In Patanjali’s Yoga Sutras, ahimsa (non-violence) is the first of the
We’ve come up with four ways for you to practice ahimsa on and off the mat along with affirmations for each one.
Non-Violence Towards Others
Ahimsa of relating
This concept encompasses not only physical violence, but mental and emotional as well. It is just as important to speak kindly and think kindly about folks as it is to not throw rocks at them. Everyone we meet has their own story, their own path; Ahimsa reminds us to be respectful of this. Compassion and forgiveness are two tools that can help us interact in a constructive way, without being negative
How does it relate to your yoga mat? Don’t think about how others around you in class are more flexible, or what the teacher said was silly. Maybe she was a ballet dancer? And maybe, your instructor forgot their coffee before the 9am class.
Humans make mistakes. I am human. They are human.
Ahimsa and you
Yoga can help us feel our bodies deeper and tune in to what our bodies experience on a day-to-day basis. Ahimsa represents a practice of listening to this experience and maybe finding some bad habits. It’s staying positive in your thoughts, not doubting or shaming. It’s eating food that is good for you and taking rest when needed.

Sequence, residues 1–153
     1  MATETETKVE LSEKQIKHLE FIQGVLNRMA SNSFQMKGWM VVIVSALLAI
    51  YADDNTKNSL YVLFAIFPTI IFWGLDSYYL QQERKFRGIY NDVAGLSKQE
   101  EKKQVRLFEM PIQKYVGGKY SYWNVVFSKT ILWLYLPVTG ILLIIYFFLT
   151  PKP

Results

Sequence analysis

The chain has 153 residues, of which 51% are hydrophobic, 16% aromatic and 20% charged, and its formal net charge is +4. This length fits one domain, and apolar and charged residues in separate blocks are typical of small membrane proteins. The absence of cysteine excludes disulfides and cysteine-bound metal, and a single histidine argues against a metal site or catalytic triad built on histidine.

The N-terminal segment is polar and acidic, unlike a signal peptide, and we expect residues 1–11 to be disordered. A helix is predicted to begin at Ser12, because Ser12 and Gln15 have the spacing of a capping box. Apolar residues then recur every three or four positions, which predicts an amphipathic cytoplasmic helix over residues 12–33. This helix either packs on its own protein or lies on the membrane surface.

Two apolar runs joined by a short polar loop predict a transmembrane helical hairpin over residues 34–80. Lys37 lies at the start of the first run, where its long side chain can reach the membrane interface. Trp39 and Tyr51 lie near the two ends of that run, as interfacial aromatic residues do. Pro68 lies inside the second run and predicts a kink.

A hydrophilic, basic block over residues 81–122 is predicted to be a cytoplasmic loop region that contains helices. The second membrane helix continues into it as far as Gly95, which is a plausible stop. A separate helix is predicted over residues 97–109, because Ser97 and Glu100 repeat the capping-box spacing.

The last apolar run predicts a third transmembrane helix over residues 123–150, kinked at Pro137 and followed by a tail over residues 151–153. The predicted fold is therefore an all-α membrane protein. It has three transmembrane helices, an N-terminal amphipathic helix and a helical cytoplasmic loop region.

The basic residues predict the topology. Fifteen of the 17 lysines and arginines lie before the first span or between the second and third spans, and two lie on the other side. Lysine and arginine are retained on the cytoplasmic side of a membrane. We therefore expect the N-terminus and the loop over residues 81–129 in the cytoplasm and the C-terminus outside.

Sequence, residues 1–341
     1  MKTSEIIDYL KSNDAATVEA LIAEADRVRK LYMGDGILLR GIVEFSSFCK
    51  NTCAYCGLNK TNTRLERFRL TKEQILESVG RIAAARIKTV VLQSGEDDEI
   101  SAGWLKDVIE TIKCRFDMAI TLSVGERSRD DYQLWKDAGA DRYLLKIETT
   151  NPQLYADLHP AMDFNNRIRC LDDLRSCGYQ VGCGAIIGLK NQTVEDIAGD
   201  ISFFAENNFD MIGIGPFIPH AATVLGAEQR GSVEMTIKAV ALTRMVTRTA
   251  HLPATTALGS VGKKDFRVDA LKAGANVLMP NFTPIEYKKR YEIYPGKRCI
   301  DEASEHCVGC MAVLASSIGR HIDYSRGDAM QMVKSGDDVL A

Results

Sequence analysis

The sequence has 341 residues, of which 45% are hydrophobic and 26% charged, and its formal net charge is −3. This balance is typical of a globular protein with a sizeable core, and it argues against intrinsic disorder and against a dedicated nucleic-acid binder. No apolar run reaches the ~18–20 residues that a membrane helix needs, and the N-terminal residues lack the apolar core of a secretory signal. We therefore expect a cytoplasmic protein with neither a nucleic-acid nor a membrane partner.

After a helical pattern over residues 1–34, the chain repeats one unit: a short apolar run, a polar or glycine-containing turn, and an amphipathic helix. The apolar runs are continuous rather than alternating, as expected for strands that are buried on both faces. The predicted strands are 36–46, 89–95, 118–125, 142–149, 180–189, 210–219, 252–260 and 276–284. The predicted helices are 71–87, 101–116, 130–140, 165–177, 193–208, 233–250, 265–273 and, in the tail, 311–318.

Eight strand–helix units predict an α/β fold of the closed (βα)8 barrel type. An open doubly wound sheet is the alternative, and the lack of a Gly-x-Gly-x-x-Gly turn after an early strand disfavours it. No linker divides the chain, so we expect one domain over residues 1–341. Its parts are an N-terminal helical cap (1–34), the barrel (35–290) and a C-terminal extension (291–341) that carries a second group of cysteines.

When it comes to stretching on your mat, it’s noticing when a pose feels uncomfortable to the point of pain and learning to back off. Above all, ahimsa reminds us to check in with ourselves in the midst of our busy lives and to put our own physical, mental and emotional health first.
I am strong, I am whole, I am complete.
Get Your Asana On
Ahimsa on the mat
Ahimsa goes both ways. Be aware of when you need rest and back off, but also when you need to push yourself. While we may not always want to, asana is a great way to challenge our bodies and minds. Often while practicing yoga, you can feel stressed, anxious or uncomfortable in a pose, and you might shy away from it. Finding Ahimsa means greeting that feeling of slight discomfort and continuing to stay in the pose both mentally and physically.
It is in this way that the physical practice makes us stronger. Practicing ahimsa means making it to your mat, often, and putting in the effort.
I use asana to strengthen my body, I am grateful for the sweat.
Meet Your Meat
Ahimsa for the planet
What we eat affects not only our own health but that of the world around us. Certain foods can have a much greater negative impact on the environment, as well as on other cultures. Eating a diet of mostly plant-based foods can cut down on your environmental impact while offering a physically clean source of nutrients.
You may find that downward dog feels a little easier when you’ve been eating lentils and broccoli. No matter what’s on your plate, give thanks. Appreciate the food for what it is about to provide to you and for the journey it took to reach your plate.